Hey! How are you? I've been blessed to serve some authors and small businesses the past 6 months of 2019, and I thought I'd share with you my key learnings in my recent successes (and failures!).
These are random realisations, but it's still marketing related. Well, you know me. HAHA!
Lesson #1: Social Media engagement doesn't always mean sales.
Recently, I was tasked to manage a Facebook page for a B2B services company. So I applied all that I know in gathering engagement. Sadly, I'm not too successful on that part. After 3 weeks of running the page, despite some ads, I'm only getting an average of 3-10 engagements. Sad, right?
But then I noticed that the page inbox was phenomenal. We were getting 10-15 inquiries in our inbox everyday. Not too much for some, but for a start up, this is not bad at all! Then I realized, this page might not look engaging, but the audience would rather send a PM asking about our services rather than react with a heart or a wow emoji. So, is this better? Is this a better way of measuring our page's success? I say yes!
Lesson # 2: Be Your customer's customer.
It's our customers who should be spending money on us, right? Yes. BUT we should also be spending money on them. It's not a one way deal. Investing on our clients can mean buying snacks for them during meetings, giving them little souvenirs when we go out of town, or being their customer as well. Whatever they're selling, buy one for yourself. Use it and appreciate it. I have a client who offers business accounting services, and of course I had to get them as my accountant as well. Win-win!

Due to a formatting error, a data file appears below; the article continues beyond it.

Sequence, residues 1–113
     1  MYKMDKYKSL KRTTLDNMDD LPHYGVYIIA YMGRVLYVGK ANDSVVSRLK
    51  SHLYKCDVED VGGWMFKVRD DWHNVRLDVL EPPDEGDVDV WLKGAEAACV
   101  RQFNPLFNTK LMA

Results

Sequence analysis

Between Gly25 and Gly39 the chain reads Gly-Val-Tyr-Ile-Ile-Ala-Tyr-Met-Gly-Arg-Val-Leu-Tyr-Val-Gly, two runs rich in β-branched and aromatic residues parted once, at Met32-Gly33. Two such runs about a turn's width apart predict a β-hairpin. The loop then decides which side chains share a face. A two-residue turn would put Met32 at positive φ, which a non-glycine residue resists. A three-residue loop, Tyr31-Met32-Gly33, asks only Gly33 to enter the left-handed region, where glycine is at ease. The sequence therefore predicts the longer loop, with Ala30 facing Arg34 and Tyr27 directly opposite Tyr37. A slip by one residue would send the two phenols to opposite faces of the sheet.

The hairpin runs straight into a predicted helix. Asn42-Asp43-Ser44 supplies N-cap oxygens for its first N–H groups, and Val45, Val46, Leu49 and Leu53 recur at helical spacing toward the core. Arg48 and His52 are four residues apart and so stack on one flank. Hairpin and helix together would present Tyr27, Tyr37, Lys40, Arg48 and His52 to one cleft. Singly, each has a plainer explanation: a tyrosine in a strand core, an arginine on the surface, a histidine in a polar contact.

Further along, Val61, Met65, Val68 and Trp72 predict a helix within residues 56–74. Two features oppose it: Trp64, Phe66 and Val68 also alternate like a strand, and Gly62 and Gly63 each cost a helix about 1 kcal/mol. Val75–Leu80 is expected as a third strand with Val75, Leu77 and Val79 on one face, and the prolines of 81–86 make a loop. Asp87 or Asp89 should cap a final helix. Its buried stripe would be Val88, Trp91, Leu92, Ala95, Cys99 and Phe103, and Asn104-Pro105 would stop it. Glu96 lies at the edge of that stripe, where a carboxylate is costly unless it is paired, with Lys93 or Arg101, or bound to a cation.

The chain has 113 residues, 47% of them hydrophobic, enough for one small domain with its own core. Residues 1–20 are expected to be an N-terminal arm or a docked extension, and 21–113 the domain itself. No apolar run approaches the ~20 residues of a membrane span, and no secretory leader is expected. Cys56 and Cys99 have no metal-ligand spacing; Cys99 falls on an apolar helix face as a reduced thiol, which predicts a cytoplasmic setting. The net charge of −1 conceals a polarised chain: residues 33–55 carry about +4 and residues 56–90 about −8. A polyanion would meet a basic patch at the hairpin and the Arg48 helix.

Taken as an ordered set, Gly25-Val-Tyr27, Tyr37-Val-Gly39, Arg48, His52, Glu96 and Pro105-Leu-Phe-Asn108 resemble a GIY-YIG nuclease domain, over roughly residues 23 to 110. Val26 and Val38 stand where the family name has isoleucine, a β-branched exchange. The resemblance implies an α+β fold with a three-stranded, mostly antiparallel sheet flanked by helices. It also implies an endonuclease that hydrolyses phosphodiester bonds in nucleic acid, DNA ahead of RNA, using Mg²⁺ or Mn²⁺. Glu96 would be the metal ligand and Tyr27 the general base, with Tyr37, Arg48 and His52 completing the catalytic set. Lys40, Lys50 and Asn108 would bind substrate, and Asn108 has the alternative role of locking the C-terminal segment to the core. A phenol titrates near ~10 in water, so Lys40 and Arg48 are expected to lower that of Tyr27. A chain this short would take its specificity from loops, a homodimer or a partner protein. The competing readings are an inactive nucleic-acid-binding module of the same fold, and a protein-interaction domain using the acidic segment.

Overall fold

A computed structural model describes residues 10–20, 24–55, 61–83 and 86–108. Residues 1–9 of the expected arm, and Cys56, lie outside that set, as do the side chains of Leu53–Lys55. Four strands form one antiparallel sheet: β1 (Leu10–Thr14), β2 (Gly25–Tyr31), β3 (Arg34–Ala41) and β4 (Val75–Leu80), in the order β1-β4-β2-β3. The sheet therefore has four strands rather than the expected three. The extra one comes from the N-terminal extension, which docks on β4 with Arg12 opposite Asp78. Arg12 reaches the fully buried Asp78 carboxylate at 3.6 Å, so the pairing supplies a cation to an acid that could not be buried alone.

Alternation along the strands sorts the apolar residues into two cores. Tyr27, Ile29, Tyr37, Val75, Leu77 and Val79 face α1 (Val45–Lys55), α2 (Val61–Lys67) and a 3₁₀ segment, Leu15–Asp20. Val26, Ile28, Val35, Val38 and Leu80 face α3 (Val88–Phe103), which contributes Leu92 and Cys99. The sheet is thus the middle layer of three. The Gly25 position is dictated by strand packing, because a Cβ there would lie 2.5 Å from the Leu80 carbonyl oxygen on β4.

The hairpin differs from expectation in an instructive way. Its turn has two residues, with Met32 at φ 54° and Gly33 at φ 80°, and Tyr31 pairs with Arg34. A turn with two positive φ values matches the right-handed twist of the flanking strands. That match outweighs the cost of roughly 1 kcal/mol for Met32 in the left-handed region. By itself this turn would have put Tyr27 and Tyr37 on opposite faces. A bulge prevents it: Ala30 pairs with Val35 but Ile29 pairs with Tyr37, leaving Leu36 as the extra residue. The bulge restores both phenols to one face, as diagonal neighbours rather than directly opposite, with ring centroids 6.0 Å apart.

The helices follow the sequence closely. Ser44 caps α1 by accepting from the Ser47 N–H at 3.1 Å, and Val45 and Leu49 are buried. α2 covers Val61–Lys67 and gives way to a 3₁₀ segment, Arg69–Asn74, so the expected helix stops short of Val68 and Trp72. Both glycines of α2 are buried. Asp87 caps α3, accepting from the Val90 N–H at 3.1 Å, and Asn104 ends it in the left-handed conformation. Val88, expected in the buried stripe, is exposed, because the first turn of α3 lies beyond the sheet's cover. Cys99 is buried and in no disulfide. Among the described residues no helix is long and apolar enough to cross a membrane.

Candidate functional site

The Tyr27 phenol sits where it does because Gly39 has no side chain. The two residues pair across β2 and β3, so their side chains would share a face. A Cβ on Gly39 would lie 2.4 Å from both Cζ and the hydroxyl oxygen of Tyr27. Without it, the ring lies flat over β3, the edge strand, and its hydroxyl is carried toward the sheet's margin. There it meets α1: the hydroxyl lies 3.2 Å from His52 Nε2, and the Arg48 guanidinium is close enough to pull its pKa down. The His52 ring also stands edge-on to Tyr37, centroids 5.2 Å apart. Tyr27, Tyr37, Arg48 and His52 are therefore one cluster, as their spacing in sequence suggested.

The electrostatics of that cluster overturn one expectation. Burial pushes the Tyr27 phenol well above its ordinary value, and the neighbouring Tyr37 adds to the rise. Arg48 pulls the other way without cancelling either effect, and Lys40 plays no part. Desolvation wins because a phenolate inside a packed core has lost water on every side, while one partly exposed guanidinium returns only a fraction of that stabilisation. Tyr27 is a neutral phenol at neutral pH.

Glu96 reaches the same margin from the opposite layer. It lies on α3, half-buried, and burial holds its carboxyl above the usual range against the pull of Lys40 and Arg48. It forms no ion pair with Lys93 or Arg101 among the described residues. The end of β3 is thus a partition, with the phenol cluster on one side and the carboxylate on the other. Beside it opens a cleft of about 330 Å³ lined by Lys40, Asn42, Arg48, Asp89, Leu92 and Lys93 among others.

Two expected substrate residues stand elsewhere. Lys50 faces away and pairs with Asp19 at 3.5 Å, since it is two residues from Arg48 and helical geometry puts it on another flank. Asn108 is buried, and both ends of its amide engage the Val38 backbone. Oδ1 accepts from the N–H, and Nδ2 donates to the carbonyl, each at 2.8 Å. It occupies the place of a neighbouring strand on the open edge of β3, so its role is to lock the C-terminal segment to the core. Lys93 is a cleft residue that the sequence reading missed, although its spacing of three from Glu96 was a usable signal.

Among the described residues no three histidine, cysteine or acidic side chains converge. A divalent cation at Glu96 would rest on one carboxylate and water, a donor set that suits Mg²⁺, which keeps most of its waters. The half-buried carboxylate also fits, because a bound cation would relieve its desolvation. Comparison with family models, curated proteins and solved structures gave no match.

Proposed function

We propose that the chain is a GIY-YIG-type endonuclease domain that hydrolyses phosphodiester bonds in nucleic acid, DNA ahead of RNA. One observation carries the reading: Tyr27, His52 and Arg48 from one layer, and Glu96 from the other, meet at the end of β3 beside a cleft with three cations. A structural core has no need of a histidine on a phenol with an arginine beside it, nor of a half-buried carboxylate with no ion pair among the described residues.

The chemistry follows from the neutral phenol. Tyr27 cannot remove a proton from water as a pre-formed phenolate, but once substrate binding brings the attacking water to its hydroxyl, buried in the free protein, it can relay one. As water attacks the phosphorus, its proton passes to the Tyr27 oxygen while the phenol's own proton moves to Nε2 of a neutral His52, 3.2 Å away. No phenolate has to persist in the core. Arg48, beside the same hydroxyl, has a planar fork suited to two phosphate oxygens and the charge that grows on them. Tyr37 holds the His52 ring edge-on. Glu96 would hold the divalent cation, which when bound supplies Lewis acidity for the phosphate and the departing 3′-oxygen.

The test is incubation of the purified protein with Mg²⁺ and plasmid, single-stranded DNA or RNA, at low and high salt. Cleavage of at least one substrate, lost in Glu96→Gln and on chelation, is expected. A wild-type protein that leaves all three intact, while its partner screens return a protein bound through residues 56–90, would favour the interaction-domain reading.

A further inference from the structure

In a B2C setup, you can sacrifice some profit by giving them rebates, discounts, or freebies. You can also organize free events that they will enjoy, or give them VIP treatments whenever possible.
Lesson #3: Let it go.
No matter how much I work hard, there will always be people I cannot please. This is a reality in life and in business. I recently had a client that I know wasn't happy with my service anymore. I'm just not who he needs. After much discernment, I decided to let him know that I'm willing to cut our contract short so he could find another service provider more suitable for his needs.
This doesn't always happen, so I felt really bad because I questioned my skills. I questioned my business. But at the same time, I also felt relieved. I felt relieved that I didn't have to be pressured to do things outside my core, and I didn't have to force myself to work with a client whom I know is no longer happy with me. (Yes, like a breakup. haha) Peace of mind is much more valuable than money.
How about you? I'd like to hear what's new in your business, or if there's any progress you've hit in your marketing. Let me know. You can email me at firstname.lastname@example.org.
PS: If you've been writing a book, or wanting to write a book (because I meet these types of people all the time, so you're probably one of them), I, along with the BEST (as in multiple bestseller title holders) authors in the country are conducting a Book Writing & Marketing seminar soon. Go to bit.ly/bestsellersblueprint NOW!